Central Highlands -- Chugchilán and the Quilatoa Loop, Ecuador

July 11-16, 2007


We had heard the Saturday market at Saquisili was not to be missed. And what an amazing event it is! Townsfolk come from far and wide to hawk their wares at eight separate plazas. Everything is for sale: chickens, pigs, and goats; leeks, carrots, bananas, potatoes (so many different varieties!); freshly ground corn and wheat flour; pots, rope, buckets, and clothes. But more than that, it's a chance to wear your finest brightly colored shawl and those lovely gold beads, get your fedora spiffed up by the town hatter, check out your distant neighbor's newborn baby, flirt, and generally strut your stuff. The market is the weekly social event that keeps folks connected, drives a vibrant rural economy, and is a heck of a lot of fun!






Just down the street from the poncho market, we find the Iliniza bus marked Chugchilán. Three guys are standing on the roof tying on piles of cargo. Just then a box comes crashing down onto the dusty street from the rack above and someone yells at me to hand it back up. Climbing up the bus ladder, hoisting the box, I'm surprised to feel a shifting weight and then notice plaintive mewing from the pile of cuy inside! Women are handing up bundles of chickens, their feet bound together in groups of five. Instead of using a box or container, the guy on the roof is threading a rope through through their legs and they are left hanging over the side, their necks craning upwards to look around. Pretty soon there are fifty chickens strapped to the roof and we wonder how they will survive a bumpy four hour bus ride up there in the baking sun.

Suddenly it's time to go and everyone piles on the bus with their assorted market goods purchased that morning. The aisles are jammed with stacks of eggs in cardboard trays, plastic barrels full of food, boxes of baby chickens, sacks of potatoes, and bags of bananas. We climb through the chaos, pile our backpacks into the aisle and wedge ourselves into the narrow seats. But no, we are not leaving yet. Instead, for the next twenty minutes food sellers somehow clamber over the cargo in the aisle carrying bags of fried fava beans, double-fisted handfuls of frozen ice cream cones, and bottles of brightly colored soda. Opening his briefcase, a man stands at the front of the bus and proceeds to show us pictures of skin lesions and mangled limbs as he goes through a lengthy explanation. Then he pulls out little plastic containers of salve and yells out: Un dollar, solo un dollar! Amazingly, a couple people produce crumpled dollar bills (US dollars are the official currency in Ecuador) and exchange them for the valued snake oil. Another lady climbs over the debris carrying a tray of sewing needles, oil, scissors, pliers, and rolls of thread.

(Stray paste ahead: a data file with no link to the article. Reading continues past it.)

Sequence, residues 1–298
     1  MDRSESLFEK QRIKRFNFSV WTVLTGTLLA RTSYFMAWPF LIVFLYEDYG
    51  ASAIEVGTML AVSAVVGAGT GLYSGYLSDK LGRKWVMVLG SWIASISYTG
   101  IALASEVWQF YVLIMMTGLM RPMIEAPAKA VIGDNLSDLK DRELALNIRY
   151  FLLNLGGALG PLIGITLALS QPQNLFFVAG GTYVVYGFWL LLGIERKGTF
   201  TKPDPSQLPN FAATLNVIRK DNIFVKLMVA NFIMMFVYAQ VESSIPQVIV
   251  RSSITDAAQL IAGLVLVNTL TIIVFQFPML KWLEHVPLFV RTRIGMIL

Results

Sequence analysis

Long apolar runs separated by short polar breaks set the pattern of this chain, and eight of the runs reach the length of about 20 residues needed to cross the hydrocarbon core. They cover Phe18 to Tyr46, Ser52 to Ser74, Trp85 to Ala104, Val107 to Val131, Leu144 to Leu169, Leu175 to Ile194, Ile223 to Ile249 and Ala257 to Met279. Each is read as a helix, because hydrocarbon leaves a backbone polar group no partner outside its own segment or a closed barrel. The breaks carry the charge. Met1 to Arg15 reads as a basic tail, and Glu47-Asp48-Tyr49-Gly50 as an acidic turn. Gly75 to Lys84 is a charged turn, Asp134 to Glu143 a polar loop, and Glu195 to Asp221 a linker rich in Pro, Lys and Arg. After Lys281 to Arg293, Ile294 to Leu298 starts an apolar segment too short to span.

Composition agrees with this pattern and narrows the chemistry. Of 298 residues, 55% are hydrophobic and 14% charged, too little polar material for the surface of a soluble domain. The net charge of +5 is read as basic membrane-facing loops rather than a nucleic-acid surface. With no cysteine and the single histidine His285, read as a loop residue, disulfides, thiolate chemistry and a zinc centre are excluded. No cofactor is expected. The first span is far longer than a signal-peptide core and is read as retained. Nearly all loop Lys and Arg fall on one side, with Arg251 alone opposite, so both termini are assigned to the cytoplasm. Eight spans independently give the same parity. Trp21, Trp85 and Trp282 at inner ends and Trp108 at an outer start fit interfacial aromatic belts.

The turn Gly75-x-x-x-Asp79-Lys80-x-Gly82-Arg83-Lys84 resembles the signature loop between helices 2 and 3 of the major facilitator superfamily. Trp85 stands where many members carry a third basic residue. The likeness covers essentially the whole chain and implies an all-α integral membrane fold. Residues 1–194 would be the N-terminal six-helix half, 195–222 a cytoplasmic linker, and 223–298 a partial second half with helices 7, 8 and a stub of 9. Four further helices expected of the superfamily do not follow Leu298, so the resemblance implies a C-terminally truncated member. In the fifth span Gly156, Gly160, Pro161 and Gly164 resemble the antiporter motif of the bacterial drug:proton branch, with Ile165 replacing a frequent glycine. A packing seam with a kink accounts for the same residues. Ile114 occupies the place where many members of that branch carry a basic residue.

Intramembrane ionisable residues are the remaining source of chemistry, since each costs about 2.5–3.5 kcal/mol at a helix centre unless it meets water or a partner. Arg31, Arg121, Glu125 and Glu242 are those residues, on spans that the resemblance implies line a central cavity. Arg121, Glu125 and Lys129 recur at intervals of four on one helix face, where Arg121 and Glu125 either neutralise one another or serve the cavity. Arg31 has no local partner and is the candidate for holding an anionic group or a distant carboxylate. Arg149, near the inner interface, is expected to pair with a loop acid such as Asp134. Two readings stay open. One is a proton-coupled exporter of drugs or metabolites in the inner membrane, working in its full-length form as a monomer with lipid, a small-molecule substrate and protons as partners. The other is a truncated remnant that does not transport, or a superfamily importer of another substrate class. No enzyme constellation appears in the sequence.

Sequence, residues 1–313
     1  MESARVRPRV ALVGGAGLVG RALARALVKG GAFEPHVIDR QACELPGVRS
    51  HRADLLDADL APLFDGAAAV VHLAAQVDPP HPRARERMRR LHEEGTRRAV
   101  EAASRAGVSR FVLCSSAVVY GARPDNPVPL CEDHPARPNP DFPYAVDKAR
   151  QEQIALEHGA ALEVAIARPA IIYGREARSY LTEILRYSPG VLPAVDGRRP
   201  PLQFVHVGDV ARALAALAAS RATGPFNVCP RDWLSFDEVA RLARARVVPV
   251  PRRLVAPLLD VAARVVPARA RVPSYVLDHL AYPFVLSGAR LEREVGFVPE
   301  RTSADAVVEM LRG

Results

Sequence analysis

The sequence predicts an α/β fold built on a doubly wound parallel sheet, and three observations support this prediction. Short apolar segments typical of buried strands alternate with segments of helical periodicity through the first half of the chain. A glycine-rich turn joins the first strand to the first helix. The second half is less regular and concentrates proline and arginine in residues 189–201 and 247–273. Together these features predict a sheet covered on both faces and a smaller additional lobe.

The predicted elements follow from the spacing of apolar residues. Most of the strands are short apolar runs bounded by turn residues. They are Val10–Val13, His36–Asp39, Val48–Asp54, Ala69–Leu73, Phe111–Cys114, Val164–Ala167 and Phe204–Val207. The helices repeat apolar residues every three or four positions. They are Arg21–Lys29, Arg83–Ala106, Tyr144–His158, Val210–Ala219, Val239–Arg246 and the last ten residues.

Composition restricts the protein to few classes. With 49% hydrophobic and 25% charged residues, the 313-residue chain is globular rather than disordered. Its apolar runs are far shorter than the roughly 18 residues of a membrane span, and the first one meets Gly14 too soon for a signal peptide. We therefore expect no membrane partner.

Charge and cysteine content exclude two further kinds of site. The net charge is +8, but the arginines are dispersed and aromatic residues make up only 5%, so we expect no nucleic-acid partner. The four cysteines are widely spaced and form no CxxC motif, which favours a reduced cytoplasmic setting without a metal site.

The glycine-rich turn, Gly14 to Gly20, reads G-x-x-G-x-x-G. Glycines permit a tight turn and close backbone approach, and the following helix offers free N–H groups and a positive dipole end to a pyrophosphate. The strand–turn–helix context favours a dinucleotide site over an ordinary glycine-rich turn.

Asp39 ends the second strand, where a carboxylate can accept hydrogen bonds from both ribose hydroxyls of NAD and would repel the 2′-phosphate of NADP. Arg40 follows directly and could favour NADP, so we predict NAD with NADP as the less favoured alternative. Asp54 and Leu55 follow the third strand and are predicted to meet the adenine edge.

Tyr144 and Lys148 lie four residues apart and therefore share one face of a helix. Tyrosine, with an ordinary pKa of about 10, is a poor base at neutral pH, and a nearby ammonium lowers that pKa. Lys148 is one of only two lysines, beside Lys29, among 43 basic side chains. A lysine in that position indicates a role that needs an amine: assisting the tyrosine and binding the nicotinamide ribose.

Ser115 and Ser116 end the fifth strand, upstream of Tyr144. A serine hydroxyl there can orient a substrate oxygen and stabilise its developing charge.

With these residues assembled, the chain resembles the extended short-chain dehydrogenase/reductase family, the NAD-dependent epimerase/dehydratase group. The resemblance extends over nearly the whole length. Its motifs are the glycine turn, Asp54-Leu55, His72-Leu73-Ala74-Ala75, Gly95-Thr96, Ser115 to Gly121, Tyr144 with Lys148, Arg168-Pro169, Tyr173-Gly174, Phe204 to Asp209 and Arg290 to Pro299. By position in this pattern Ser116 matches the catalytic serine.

Finally, the driver revs up the motor, the sellers step off the already moving bus, and we are on our way. The potholed dirt roads are unforgiving and we bounce along as clouds of dust filter in through the cracks. We stop frequently to drop off and pick up passengers (always room for one more!) at isolated thatched-roof adobe houses set out in the remote verdant mountainous hill country. After three hours of bumping along, a family gets off, claiming ten of the roof chickens. Startled by the yelling, we climb over the seats to have a look out the starboard window. Two women are engaged in a tug of war, each pulling on opposite ends of a bundle of chickens. Apparently some of them had expired along the way and the dead ones certainly did not belong to the lady getting off here! Everyone starts yelling vamos, the conductor somehow resolves the dispute, and again we are off. Eventually we roll into Chugchilán, drag our backpacks off the bus, and wave goodbye to the driver. Gracias! Definitely the most entertaining journey we've had yet...









In Chugchilán, we spent four days at the Black Sheep Inn eco-lodge, hiking the local trails and visiting the spectacular Quilatoa caldera.


Cuenca (bus)Latacunga (taxi)Saquisili (bus)Chugchilán (truck)Quilatoa (truck)Chugchilán